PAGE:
TASCAM has a knack for introducing innovative technology with a great value, and the DR-08 linear PCM recorder is no exception. In a package slightly smaller than a TV remote control, you’ll find tools useful to someone doing field recording, be it radio ENG or live music, though there are some caveats.
Retail price is $299 though you’ll find it at various dealers for significantly less, maybe even below half of list price.
Through a friendly menu interface, the user can select audio quality ranging from 24-bit/96 kHz linear through MP3 recording at 32 kbps mono. The DR-08 uses microSD and microSDHC cards for a maximum memory capacity of 32 GB. A list of brand-name cards that have been tested in the unit is available on the TASCAM website.
Its built-in electret condenser microphones have three positions. The closed position is optimized for a narrow field such as when doing interviews. When the mics are open they are optimized for stereo recording. When open and turned up, they are directional, useful when you want to record meetings.
A 1/8-inch external input jack is available for your own mic/line inputs. Analog output is via a 1/8-inch jack, and an internal speaker is provided.
The real versatility of the DR-08 comes when you connect to a PC via the microUSB-to-standard USB cable. Alternately, you can transfer files by removing the microSD card and inserting it into your PC’s card reader. The unit is compatible with both Mac and Windows.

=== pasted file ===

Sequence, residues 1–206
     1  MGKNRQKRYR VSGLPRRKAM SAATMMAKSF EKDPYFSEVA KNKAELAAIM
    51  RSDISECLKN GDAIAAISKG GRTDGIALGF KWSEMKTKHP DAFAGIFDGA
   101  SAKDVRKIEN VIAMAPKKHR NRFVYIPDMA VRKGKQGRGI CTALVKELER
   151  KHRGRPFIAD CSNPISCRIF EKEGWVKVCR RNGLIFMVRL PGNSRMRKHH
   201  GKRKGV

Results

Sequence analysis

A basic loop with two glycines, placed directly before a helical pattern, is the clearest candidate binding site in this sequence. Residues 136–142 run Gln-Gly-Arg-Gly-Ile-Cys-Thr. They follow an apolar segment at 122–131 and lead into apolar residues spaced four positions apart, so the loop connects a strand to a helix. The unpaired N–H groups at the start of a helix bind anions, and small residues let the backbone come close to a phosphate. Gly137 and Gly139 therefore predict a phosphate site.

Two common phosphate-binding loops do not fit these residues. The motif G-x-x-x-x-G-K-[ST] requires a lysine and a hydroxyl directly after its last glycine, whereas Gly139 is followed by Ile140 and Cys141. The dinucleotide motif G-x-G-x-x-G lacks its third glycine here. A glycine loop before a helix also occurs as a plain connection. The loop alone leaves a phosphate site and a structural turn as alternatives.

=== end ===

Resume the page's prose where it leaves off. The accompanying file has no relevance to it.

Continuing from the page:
A backlit display allows you to set levels and record in the dark. One annoyance is that it can only be accessed through the menu. This is one instance where a simple momentary pushbutton switch might trump menu-driven firmware. A cool illumination option is the “stealth” mode, which defeats the record LED and backlight. Presumably this would be useful for times when you want to record in the dark without being detected.
A field recording of choral music using the built-in mics revealed a slight hiss during the quiet passages, which I did not find surprising on such an inexpensive device. Otherwise, the sound was transparent and rich in detail.
The DR-08 features auto level control and a low-cut filter for clear recordings, as well as loop and variable speed on playback, allowing you to slow the playback speed without changing the pitch to learn new music. There’s also noise canceling and EQ functions for improved playback timbre.
This device has great potential as a radio ENG device, although care needs to be taken. As with other miniaturized devices, condensation can form on the circuit board when going from cold to warm environments, rendering it temporarily unusable. Keep it in an inside pocket during winter weather.
While it has an aluminum front panel, and construction is more robust than that of a TV remote control, the DR-08 probably is not “broadcast quality.” Dropping, dunking or hard use of the 1/8-inch input/output jacks may shorten or end its useful life. A padded carrying case would be a useful accessory, although none is available from TASCAM.
With moderate care, the DR-08 should survive in the broadcast environment. Given its price, a loss or demise would be sad, but not the end of the world.
For information, contact TASCAM in California at (323) 726-0303 or visit www.tascam.com.